MARGARET VAN CLEVE: So they have these regular checks, tune ups ELLEN PANEOK: Yes.

MARGARET VAN CLEVE: -- after so many hours, then.

ELLEN PANEOK: Uh hum. Every 100 hours we have an inspection, and then every an -- annually we have a big inspection of the airplane.

MARGARET VAN CLEVE: Is it more stringent in Barrow because of the conditions or is it more or less the same throughout the industry?

ELLEN PANEOK: We're pretty stringent. I don't know -- I think any of the remote areas are pretty stringent with their maintenance.

MARGARET VAN CLEVE: Yeah. Because of the nature of the --

ELLEN PANEOK: Yes. Because it's the primary mode of transportation and we have to have it.

MARGARET VAN CLEVE: Yeah. Really, without air service -- ELLEN PANEOK: Yeah.

MARGARET VAN CLEVE: -- you'd be cut off most of the time.

ELLEN PANEOK: I've gone into villages after week and a half of storms, and they're starving for fresh vegetables or even just the mail. Milk. I've had villages run out of milk for babies. And stuff like that.

MARGARET VAN CLEVE: So you're really a lifeline.


MARGARET VAN CLEVE: Have you brought injured or sick people into Barrow hospital? ELLEN PANEOK: Yes.

MARGARET VAN CLEVE: So you've had some emergency situations? ELLEN PANEOK: Uh hum. Yeah.

MARGARET VAN CLEVE: And you probably save people.

ELLEN PANEOK: I took a couple of pregnant women that were in the stages of labor, and I -- you know, I didn't know how close they were because I'm not -- I've never had kids, never been around anybody that had them. MARGARET VAN CLEVE: So --

ELLEN PANEOK: So I don't know what kind of stage they were in.

MARGARET VAN CLEVE: You got them there in time?

ELLEN PANEOK: Yeah. Yeah, I did. Click here to view film of flying in a patient.

MARGARET VAN CLEVE: So your work really entails just about everything -- ELLEN PANEOK: Uh hum.

MARGARET VAN CLEVE: -- in terms of serving the communities? ELLEN PANEOK: Uh hum.

MARGARET VAN CLEVE: You say you do regular mail runs and groceries.

ELLEN PANEOK: Groceries. Yeah. Passenger runs. I've delivered Pizza Hut pizza to Atqasak several times and Wainwright several times. They order it.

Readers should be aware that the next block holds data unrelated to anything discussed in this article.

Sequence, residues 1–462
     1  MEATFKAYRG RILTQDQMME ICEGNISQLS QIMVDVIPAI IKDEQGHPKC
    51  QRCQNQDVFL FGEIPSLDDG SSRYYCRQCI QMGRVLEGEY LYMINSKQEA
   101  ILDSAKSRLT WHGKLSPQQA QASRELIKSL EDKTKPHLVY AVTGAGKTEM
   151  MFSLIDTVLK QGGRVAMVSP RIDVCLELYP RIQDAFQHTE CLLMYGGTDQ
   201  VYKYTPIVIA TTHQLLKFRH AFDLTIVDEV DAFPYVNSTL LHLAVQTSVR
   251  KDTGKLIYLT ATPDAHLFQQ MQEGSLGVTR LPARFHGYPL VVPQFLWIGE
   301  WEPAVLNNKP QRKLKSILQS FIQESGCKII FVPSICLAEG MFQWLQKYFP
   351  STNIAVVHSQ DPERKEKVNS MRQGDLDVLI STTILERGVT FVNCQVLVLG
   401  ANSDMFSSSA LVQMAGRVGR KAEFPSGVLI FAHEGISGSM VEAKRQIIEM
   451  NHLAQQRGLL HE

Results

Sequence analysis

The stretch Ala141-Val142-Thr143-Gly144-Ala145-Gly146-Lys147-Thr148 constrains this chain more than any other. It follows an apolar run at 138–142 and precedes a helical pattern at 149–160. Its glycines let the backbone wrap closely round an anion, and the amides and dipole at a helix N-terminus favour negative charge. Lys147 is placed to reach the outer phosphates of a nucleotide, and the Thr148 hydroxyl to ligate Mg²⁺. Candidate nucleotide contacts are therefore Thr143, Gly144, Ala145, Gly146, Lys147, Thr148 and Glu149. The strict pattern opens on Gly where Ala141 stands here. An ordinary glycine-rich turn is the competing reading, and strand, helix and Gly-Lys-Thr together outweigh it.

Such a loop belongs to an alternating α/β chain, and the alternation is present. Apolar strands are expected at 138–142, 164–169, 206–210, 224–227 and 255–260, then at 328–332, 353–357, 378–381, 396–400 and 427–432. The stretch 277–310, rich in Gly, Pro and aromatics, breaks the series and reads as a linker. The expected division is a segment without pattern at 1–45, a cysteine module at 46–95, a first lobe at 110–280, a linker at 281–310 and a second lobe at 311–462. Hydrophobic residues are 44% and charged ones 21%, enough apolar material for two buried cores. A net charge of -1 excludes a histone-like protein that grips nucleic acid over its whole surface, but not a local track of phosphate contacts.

And Pizza Hut freezes it, brings it up on Northern Air Cargo, and then I take it out to the villages.

MARGARET VAN CLEVE: So pizza comes from Barrow? Is it --

ELLEN PANEOK: No, it's from Fairbanks. MARGARET VAN CLEVE: Oh, from Fairbanks to Barrow.

ELLEN PANEOK: Yeah. Northern Air Cargo brings it up to Barrow and then we bring it out to the villages. People get desperate for pizza, apparently. MARGARET VAN CLEVE: Pizza.

ELLEN PANEOK: Or even McDonalds. A girlfriend of mine in Barrow went down with a cooler and ordered as many Big Macs as she could stuff in that cooler and froze it. And brought it on as baggage.

MARGARET VAN CLEVE: So that's the next best thing to having your own McDonalds and -- or pizza parlor.

ELLEN PANEOK: Uh hum. Yeah. I thought about doing some expediting like that, but I never did.

MARGARET VAN CLEVE: Yeah, a weekly pizza run from Fairbanks. Oh.

I noticed in reading about you in Bush Pilots of Alaska that you are also an aerobatic -- aerobatics pilot.


MARGARET VAN CLEVE: What does that entail?

ELLEN PANEOK: I have been heavily involved in aerobatics in the past.

MARGARET VAN CLEVE: So these are shows that -- where you perform?

ELLEN PANEOK: I did a couple. I didn't get to do very many. MARGARET VAN CLEVE: Uh hum.

ELLEN PANEOK: Actually, what I was doing -- actually, to begin with, I had one of the top people in the country teach me how to do aerobatics.